Original Articles

‘To Know and not to do is not to Know’: Heidegger’s Rectoral Address

Published in: South African Journal of Philosophy
Volume 21, issue 1, 2002 , pages: 18–34
DOI: 10.4314/sajpem.v21i1.31333
Author(s): Andrea HurstPhilosophy Centre for Advanced Studies University of Port Elizabeth, South Africa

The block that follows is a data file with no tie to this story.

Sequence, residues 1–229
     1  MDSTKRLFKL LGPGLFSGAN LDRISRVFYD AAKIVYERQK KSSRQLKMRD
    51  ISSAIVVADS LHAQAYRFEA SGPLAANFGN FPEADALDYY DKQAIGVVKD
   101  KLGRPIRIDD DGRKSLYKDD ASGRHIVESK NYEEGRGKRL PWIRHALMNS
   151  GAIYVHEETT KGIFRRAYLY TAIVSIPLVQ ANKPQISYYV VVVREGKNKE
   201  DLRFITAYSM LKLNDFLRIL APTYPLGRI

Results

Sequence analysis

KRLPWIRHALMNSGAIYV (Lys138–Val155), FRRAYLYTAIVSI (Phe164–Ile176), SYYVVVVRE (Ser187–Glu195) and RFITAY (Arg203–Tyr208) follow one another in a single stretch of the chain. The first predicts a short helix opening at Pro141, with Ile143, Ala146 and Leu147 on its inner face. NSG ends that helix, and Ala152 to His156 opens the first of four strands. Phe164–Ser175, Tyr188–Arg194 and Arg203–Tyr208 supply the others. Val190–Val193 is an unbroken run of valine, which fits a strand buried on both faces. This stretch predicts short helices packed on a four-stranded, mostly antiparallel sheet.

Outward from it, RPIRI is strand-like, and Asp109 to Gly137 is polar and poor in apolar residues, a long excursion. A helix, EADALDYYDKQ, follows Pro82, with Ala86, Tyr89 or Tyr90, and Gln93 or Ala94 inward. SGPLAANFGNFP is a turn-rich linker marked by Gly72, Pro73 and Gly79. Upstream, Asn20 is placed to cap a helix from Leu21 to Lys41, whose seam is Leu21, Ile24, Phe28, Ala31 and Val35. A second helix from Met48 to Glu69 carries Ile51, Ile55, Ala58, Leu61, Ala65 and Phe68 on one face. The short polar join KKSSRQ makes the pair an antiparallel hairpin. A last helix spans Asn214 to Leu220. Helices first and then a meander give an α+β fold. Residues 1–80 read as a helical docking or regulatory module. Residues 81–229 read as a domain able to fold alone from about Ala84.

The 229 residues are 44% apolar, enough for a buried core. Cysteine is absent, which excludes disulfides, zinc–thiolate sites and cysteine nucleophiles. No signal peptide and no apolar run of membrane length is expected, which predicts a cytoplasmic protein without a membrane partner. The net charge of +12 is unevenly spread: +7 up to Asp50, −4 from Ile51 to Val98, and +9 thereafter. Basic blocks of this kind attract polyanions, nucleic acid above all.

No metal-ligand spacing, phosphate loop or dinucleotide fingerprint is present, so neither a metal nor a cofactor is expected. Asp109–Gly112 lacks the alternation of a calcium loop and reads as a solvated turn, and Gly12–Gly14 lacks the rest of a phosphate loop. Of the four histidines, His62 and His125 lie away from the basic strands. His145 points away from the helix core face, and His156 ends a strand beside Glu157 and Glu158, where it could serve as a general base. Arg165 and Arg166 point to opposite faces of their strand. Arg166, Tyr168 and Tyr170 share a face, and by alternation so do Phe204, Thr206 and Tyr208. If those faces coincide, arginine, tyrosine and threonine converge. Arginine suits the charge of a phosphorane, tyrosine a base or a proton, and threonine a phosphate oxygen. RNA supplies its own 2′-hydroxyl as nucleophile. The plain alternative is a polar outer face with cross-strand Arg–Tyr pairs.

The present article is an analysis of Heidegger’s notorious Rectoral Address in terms of its attempt to bring together philosophy and politics in a way that would revitalise both. Through the repossession and reconfiguration of common words and concepts, Heidegger hoped to provide the intellectual impetus for a radical, invigorating cultural revolution in Germany. Given this apparently laudable aim, one is faced with the pressing question concerning the tension between his philosophical insight, on the one hand, and his inexplicable political blindness on the other. Hence the paper focuses, firstly, on the radical nature of Heidegger’s transformation of traditional conceptions of philosophy (science), and secondly, on his failure to separate the originality and significance of this philosophy from a catastrophic ideological attachment to the idea of German spiritual unity and destiny.

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